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Outstanding Math Honors Students Pursuing Advanced Degrees

The honors program in the UT Department of Math is a nationally competitive program for highly motivated and mathematically gifted undergraduate students. Originally funded by a $1 million grant from the National Science Foundation, it is one of the most challenging and rewarding undergraduate math programs in the country.

This spring, five undergraduate students in the math honors program graduated and were accepted into prestigious graduate programs for fall 2020.


Carl Edwards, from Knoxville, Tennessee, graduated with degrees in computer science and math. Edwards will begin work on his PhD in computer science at the University of Illinois at Urbana-Champaign (UIUC) to research machine learning and AI. He thinks the next critical step in the development of machine learning will be the creation of models that can generalize well on multiple tasks and learn from multiple contrasting yet complementary domains of data.

“UT has clearly had a monumental impact on my undergraduate career. It has provided me with a wide range of opportunities that have been fundamental in shaping my academic trajectory. I’ve felt like my math courses have greatly contributed in this way, especially things like probability and graph theory. UT has had an ineffable impact on my education in myriad other ways.”


Spencer McDonald, from Knoxville, Tennessee, graduated with degrees in math and aerospace engineering. McDonald was accepted into the AeroAstro program at the Massachusetts Institute of Technology (MIT). He will be investigating autonomous and secure aerial platforms using adaptation and machine learning. He wants to change the aerospace industry fundamentally through his direction and facilitated research on autonomous aircraft at his future aerospace company.

“UT has prepared me in multiple different ways. The most obvious being a great education, so beyond that, the three biggest ways I can describe are the engagement opportunities, connections, and people. I was able to get involved with undergraduate research, meet alumni and professionals through various networking events, and connect with some of the most supportive people. My experience in the Math Honors Program at UT has been life-changing.”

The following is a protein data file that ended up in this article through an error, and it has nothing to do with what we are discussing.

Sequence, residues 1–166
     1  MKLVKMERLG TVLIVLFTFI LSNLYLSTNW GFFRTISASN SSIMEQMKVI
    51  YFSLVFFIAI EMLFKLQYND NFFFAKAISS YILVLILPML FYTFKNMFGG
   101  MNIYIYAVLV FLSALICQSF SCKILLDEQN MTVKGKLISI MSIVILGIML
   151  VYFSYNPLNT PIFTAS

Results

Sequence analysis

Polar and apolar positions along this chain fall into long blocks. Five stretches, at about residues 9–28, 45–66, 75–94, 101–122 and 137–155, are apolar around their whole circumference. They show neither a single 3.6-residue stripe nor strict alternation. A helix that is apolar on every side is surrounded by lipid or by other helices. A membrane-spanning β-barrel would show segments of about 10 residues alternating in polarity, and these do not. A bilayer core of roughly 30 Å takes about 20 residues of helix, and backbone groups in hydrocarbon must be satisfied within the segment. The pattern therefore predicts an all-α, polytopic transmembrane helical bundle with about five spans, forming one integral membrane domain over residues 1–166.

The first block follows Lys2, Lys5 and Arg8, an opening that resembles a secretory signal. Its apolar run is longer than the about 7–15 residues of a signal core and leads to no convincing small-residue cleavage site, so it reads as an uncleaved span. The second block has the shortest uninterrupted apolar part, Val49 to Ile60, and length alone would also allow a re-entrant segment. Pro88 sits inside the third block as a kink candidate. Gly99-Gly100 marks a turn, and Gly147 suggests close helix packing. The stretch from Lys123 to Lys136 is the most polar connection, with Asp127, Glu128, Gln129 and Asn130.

McDonald is encouraged by the support he has received on his journey into the aerospace industry even after graduation. Everyone’s guidance and support has pushed him onto his dream job path.


Niharika Sharda, from Delhi, India, graduated with a degree in math focused on real analysis and abstract algebra and was accepted into the master’s in mathematics program at Brandeis University. She is focused strongly on pure mathematics and the field of algebra. She eventually wants to become a professional algebraist and continue to expand on pure mathematics.

“After coming to UT and joining the math department as an honors student, I was exposed to all the pure math classes and realized that there is nothing more creative than math. It is an amazing field of creativity and challenge. I will forever be grateful to UT and my professors.”

Sharda credits Professors Frazier and Thistlethwaite for sparking her interest in the field. The honors program was fundamental to Sharda completing her studies and her growing interest in pure mathematics.


Alan Gan will begin the PhD program in statistics at Ohio State in the fall. Daniel McBride will continue his education at UT and begin the PhD program in mathematics in the fall.


Students in the program take courses that can also be used towards the requirements of the Chancellor’s Honors Program. Professor Remus Nicoara, director of the program, advises math honors students each semester. In addition, every student has a faculty mentor and thesis advisor. Through their classes and seminars, the math honors students develop close working relationships among themselves and with the UT math graduate students.

Many math honors students have received prestigious national and international prizes during their undergraduate studies UT, such as the Goldwater Scholarship, Rhodes Scholarship, and Fulbright Scholarship. Recent graduates pursue graduate work in mathematics, computer science, economics, engineering, medicine, and more.

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